THE BIRD THAT SANG IN COLOR by Grace Mattioli (Book Review #912)

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The bird that sang in color is the story of Donna. She has a particular image of what a perfect life looks like and imposes this thought on her brother Vincent. As she works hard to provide these things, she fails, and that guilt trips her until she finds a book of sketches he’s made of his life, allowing her to discover what truly makes him happy.

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Real Life: We breathe, We sleep, We eat … And In-between, We Live by Jill Reid (Book Review #913)

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Real-life is a self-help book about the possibility of making a fresh start in life and creating another chance for being happy and content in life. It is easy to get caught up in the routine of things, and when things fall apart, we tend to forget the initial idea we had in wanting to be peaceful and remain balanced.

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THE BIRD THAT SANG IN COLOR by Grace Mattioli

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The Bird that Sang in Color is the story of a woman who creates the life she always wanted and then leaves it behind when she discovers the secret to living free. Donna, in her early teens, decides that having a fulfilling life is contingent upon having a family, a nice house, and a dignified career. She decides this for her and her older brother, Vincent, an artistic type who she doesn’t perceive as someone capable of getting these things on his own. As she goes about acquiring these things through the course of her lifetime, he remains single, childless, working low-paid jobs, and subsisting in cramped apartments or boarding homes. She harbors guilt for her supposed failure to improve his life until she finds a book of sketches he’d made of his life which allows her to discover his internal joy and prompts her own journey of living authentically.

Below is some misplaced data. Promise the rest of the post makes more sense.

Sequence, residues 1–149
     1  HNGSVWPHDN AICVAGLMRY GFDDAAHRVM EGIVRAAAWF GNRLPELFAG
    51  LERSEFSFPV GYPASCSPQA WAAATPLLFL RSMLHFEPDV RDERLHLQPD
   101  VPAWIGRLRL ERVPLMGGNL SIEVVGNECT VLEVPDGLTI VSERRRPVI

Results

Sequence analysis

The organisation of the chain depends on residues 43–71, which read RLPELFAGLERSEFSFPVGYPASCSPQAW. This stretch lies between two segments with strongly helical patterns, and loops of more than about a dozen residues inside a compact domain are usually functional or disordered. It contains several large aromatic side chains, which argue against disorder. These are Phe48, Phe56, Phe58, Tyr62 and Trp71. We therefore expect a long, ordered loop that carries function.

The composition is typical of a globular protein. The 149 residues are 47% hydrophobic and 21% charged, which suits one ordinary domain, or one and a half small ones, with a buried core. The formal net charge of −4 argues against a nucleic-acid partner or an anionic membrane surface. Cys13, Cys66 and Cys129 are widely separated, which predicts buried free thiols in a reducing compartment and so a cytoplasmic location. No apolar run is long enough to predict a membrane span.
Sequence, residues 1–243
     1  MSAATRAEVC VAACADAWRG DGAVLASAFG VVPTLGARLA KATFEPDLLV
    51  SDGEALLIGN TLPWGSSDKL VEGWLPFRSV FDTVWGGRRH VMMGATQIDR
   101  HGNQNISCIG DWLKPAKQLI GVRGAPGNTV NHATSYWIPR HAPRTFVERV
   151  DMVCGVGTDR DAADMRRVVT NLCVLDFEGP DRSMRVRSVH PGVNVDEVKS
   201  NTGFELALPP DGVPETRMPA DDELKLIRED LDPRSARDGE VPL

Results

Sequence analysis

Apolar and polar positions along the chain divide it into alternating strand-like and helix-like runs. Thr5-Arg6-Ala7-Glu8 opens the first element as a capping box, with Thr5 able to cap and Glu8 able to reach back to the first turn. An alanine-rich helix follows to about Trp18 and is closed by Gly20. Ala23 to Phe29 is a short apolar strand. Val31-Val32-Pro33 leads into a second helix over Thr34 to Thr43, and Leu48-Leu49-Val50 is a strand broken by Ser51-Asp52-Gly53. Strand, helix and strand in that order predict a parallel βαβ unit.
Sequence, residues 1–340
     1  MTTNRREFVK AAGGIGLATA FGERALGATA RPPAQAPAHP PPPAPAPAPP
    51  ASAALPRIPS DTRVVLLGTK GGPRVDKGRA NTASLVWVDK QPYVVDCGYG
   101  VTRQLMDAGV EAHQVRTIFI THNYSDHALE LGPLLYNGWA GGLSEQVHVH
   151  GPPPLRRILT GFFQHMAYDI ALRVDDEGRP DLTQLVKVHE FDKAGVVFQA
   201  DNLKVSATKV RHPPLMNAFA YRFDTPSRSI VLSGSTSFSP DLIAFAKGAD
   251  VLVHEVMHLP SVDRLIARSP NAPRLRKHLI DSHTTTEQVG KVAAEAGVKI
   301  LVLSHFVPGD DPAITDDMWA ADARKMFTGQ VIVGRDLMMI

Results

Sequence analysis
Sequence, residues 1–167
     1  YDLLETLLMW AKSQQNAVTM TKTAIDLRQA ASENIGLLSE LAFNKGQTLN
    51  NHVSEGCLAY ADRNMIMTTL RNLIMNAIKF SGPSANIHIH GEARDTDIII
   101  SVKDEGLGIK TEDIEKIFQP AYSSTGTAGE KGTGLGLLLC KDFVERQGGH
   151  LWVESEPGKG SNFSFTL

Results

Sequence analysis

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Betty P. Notzon

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My love of words started with President Dwight D. Eisenhower. Watching his speeches on TV as a little girl, I was bowled over by the big words he used. Words, I suspect, like deficit, congressional inquiry, and fiscal responsibility, words still being heard in D.C . . . . I wanted to be able to use big words too, though not necessarily those. Sure, sure, my mother reading to me as a child deserves some credit. But, really, it all started with Ike.

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Out of the London Mist by Lyssa Medana (Book Review #911)

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Out of the London mist is a steampunk tale about John Farnley, an aether pilot who travels back to his family home when he hears that his brother, Lord Nicholas Farnley, is murdered. He attempts to take over the family business and financial matters as Nicholas’ wife, Clara, grieves her loss. By inheriting the title, John once rejected, he now has his hands full.

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KINGS, CONQUERORS, PSYCHOPATHS From Alexander to Hitler to the Corporation by Joseph N. Abraham MD (Book Review #910)

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Kings, conquerors, psychopaths is a non-fiction, historical book providing us a realistic look at how leaders and rulers brutally controlled us and how many of the same characteristics are displayed in the tyrants and cooperations we have today. The book introduces us to a prospective approach on how money is now the controlling oppressor.

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Drawing the line: No Ladies in Room A3 by CLARE SCOPES (Book Review #909)

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Drawing the line is a historical fiction about Maggie Goodwin. The story is set in 1938, and no ladies are working as animators at Harley Studios, Los Angeles. Maggie wants to prove everyone wrong.        

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Against My Better Judgment by B.T. Polcari (Book Review #907)

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Against my better judgment is a mystery, young adult fiction story about Sara Donavan, a freshman at the University of Alabama. She also works part-time at a museum gift shop. After purchasing a funerary mask, she receives a mysterious phone call, and that’s when she realizes her find is a unique stolen artifact. A once thought cheap souvenir is now a hot commodity, and to add more fun to the mix, a dashing teacher assistant joins the university.

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Gunmetal Gods by Zamil Akhtar (Book Review #906)

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Gunmetal Gods is a dark fantasy story about Kevah, who is summoned by The Shah. Kevah agrees to train a militia enlisting his daughter to save the royal capital Kostany from the rival enemy. When Micah attacks Kostany, the sorcerer Aschere is stronger than Kevahs defense, and hence the battles end up with too much loss. Kevah then accompanies Sadie, Shah’s daughter, to take revenge and also take back the city.

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